May 1, 2007
Scorched earth, forest floor after
wildfire. Cumberland Gap National Historical Park.
At the beginning of May we
celebrate "Be Kind to Animals and Wildflowers Week." One way to
show this kindness is to preserve the habitat of the wild flora and
fauna with which we are blessed. Without a healthy habitat these
plants and animals cannot survive. An earlier essay, "Forest Fires"
(August 5, 2006), mentioned human residences in forested areas and
the problems associated with human impacts caused by arsonists and
careless visitors. Threats exist. However, somewhat overlooked was
the impact on individual wildflowers and wildlife that inhabit these
threatened areas. Without forest cover these plants and animals
cannot survive and flourish, as experts are quick to tell us.
What must we do beyond
preventing forest devastation? For one thing, we should strive to
experience the woodlands through hiking, provided we do so in a
non-polluting manner. We could "walk the woods" through a written
travelogue or through photos or a motion picture or the Internet --
a virtual tour. What we come to appreciate should take us one step
farther to a growing concern about our wildlife. Let's take the
second step of learning about the major threats to woodlands. When
we realize that off-road vehicles can smash some very rare wild
orchids, we are moved to take steps to stop them. The same holds
true for misplaced timber harvesting and other forms of so-called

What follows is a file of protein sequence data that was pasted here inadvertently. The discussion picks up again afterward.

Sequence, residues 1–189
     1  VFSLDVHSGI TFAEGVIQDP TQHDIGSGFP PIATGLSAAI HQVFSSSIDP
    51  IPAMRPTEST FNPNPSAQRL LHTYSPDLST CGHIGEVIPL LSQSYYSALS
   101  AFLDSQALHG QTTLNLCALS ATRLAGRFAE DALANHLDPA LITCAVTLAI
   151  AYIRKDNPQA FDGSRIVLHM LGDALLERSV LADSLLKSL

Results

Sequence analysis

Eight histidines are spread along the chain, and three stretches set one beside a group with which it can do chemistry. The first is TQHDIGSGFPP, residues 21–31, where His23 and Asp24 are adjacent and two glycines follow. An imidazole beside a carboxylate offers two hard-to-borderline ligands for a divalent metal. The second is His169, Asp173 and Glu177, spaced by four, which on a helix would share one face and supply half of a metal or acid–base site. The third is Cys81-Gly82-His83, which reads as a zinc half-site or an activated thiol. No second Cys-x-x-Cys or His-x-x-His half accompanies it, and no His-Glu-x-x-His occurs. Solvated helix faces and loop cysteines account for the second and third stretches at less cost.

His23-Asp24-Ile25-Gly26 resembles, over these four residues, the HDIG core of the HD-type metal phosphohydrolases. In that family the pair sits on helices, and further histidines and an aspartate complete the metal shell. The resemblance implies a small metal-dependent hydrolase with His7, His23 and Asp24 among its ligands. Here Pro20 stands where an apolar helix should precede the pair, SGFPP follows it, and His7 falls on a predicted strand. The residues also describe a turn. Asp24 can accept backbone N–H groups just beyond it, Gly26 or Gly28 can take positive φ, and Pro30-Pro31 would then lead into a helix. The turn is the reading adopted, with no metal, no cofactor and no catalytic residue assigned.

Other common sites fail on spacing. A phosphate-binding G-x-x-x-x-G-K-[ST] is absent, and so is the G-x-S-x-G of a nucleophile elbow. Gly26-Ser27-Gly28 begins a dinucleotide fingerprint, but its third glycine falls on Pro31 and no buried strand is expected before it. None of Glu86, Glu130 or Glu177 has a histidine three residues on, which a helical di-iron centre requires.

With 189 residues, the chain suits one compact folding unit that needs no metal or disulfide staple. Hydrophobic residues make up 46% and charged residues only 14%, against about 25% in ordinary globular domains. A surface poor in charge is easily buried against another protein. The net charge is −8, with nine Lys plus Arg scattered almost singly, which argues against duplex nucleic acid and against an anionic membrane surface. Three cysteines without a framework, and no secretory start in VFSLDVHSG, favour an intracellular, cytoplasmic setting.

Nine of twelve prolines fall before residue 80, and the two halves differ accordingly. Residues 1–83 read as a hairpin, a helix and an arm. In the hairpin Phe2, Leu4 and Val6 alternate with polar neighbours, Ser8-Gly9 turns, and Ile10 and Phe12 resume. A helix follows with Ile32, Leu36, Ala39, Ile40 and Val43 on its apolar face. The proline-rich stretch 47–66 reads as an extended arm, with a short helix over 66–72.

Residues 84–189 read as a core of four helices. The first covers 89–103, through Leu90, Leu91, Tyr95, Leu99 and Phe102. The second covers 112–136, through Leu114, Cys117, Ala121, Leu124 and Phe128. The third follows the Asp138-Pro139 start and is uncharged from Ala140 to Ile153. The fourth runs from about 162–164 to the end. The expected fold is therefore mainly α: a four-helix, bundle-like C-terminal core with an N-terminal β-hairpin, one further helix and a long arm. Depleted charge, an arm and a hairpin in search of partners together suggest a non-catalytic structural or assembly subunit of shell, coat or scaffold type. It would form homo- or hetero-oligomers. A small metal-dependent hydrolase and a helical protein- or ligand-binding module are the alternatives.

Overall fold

development and human operations that impact wilderness.
What becomes evident is
that a wildfire can suddenly cause immense damage to woodlands.
These fires come quickly (either by human cause or by lightning),
and burn too fast for animals to find means of escape by burrowing
in, flying away or escaping on hoof. From what I have experienced,
forest fires are terrifying, unpredictable and, once started, make
us feel quite powerless. They destroy far more than the trees
themselves. The biotic life is highly disturbed and, with the
exception of a few plants and animals that have adapted to frequent
fires, many species are wiped out in the fire-damaged area.
The serious danger of
wildfires during this growing season makes us seek measures to
reduce their impact: minimize campfires in the woods and never leave
them unattended; promote adequate police protection of forestlands;
report infringements of existing regulations; cease outdoor burning
when that is forbidden; stand up for the expansion of protected